Canadian corporations with advertising budgets in excess of $50,000 Cdn that are currently involved in sport sponsorship were contacted through a mailed survey. They were asked about the length and nature of their sport sponsorship involvements, the criteria used to select events, post-event evaluation methods, and reasons for discontinuing past sponsorships. The results revealed that these companies valued sport sponsorship as an important form of marketing communication but supplemented sponsorship initiatives with a variety of other communication measures. None viewed sponsorship as a philanthropic exercise. Respondents repeatedly noted the importance of return on investment in making sponsorship decisions. They valued exclusivity, public awareness, and positive image above other criteria when selecting sponsorship opportunities. Most of the sponsors had discontinued a sponsorship relationship in the past. Furthermore, only one-third of the sponsors felt that the benefits exchanged with sport organizers were fair and equitable.
Reflections on Participatory Action Research: The Case of Low-Income Women Accessing Local Physical Activity services
Wendy Frisby, Susan Crawford, and Therese Dorer
In contrast to traditional approaches to research, participatory action research calls for the active involvement of the community—including both the beneficiaries and providers of sport services—in defining research problems, executing interventions, interpreting results, and designing strategies to change existing power structures. The purpose of this paper was to analyze a participatory action research project designed to increase the access of women living below the poverty line and their families to local physical activity services. A framework developed by Green et al. (1995) formed the basis of the analysis. To place the analysis in context, the historical origins and theoretical assumptions underlying participatory action research were addressed. The case of the Women's Action Project demonstrated how the process can result in a more inclusive local sport system and, at the same time, provide a rich setting for examining organizational dynamics including collaborative decision-making, community partnerships, power imbalances, resource control, resistance to change, and nonhierarchical structures.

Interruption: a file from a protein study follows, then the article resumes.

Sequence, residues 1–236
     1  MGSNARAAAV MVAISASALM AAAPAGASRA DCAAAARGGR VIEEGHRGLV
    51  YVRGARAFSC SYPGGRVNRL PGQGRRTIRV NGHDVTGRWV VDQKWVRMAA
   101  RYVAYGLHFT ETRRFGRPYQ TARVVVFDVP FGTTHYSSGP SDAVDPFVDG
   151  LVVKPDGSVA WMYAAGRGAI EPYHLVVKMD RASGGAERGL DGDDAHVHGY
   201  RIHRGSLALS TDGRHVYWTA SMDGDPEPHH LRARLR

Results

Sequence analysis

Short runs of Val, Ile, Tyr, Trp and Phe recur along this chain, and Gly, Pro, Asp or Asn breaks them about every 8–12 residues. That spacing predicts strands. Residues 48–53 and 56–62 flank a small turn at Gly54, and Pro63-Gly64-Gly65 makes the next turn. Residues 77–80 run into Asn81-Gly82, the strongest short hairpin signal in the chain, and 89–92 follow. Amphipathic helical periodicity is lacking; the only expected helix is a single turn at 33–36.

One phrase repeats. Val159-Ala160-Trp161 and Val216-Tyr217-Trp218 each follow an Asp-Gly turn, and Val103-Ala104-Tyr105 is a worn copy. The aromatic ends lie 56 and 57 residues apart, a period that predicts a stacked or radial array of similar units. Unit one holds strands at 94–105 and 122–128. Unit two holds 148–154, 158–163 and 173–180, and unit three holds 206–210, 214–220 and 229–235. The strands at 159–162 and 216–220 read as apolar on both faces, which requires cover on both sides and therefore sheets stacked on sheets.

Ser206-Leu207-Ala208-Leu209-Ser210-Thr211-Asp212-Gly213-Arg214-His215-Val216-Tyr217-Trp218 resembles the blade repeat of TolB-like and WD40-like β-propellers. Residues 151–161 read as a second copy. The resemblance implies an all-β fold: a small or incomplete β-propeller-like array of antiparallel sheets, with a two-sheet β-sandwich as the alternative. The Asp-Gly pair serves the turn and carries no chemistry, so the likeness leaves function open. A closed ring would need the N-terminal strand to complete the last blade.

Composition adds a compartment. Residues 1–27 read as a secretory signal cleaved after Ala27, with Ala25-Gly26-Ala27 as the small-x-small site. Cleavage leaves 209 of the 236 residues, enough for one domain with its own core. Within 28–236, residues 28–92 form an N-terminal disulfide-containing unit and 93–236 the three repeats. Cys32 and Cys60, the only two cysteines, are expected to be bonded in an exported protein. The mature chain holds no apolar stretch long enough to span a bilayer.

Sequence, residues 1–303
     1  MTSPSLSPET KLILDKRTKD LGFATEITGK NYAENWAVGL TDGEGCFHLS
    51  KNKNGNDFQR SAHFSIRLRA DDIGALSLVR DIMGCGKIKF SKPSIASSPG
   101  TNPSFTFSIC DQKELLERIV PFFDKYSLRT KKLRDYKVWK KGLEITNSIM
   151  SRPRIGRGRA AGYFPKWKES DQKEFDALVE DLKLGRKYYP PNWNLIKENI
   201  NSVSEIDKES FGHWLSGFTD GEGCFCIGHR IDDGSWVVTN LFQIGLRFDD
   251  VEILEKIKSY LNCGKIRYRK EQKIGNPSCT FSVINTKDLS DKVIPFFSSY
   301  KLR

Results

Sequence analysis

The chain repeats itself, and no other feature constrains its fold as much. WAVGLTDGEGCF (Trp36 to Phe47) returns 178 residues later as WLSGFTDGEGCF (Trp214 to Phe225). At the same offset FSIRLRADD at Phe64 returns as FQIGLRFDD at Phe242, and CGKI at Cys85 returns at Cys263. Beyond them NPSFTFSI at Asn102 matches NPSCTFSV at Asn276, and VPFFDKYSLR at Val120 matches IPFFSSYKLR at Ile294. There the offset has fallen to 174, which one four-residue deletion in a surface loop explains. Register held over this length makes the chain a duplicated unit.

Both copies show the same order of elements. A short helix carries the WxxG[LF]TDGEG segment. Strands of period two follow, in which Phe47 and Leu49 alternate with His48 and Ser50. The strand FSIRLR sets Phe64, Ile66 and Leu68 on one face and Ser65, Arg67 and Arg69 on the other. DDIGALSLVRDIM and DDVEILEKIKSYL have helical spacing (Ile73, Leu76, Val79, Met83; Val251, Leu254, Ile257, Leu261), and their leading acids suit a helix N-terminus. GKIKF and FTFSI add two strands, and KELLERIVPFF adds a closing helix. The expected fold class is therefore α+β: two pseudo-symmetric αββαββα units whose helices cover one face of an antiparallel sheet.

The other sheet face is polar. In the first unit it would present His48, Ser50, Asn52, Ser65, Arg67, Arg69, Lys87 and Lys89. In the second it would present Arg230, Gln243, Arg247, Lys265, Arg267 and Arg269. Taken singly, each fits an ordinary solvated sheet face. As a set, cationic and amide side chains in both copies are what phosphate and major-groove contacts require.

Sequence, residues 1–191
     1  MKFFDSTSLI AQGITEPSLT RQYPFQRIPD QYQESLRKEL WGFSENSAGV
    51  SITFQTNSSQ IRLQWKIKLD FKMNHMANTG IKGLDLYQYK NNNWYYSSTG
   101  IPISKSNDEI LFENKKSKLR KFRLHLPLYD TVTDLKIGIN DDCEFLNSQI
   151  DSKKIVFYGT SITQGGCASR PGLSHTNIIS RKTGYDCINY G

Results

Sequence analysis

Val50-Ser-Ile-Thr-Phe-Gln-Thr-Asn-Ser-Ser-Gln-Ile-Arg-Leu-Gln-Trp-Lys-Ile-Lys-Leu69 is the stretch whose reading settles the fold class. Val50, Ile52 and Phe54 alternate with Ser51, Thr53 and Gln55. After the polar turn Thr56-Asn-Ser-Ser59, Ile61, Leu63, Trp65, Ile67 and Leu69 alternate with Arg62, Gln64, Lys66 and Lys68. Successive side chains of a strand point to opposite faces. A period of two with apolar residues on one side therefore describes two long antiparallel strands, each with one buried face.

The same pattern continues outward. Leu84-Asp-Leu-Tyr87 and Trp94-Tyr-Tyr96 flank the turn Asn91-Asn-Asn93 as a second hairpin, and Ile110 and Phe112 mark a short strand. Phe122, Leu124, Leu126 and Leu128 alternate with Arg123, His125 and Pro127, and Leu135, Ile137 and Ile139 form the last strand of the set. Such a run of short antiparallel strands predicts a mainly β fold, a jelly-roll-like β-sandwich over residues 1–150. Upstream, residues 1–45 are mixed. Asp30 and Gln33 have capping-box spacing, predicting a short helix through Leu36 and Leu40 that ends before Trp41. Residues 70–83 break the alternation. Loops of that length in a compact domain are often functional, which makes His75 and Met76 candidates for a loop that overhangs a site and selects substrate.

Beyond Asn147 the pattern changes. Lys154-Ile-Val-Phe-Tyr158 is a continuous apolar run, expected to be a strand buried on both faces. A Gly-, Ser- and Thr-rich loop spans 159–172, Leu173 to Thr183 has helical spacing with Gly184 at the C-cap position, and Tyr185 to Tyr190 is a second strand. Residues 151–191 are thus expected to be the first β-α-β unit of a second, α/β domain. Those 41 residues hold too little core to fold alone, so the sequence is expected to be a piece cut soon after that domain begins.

Putting “Participatory” into Participatory Forms of Action Research
Wendy Frisby, Colleen J. Reid, Sydney Millar, and Larena Hoeber
Although there has been a rise in calls for participatory forms of research, there is little literature on the challenges of involving research participants in all phases of the research process. Actively involving research participants requires new strategies, new researcher and research-participant roles, and consideration of a number of ethical dilemmas. We analyzed the strategies employed and challenges encountered based on our experiences conducting feminist participatory action research with a marginalized population and a variety of community partners over 3 years. Five phases of the research process were considered including developing the research questions, building trust, collecting data, analyzing data, and communicating the results for action. Our goals were to demonstrate the relevance of a participatory approach to sport management research, while at the same time acknowledging some of the realities of engaging in this type of research.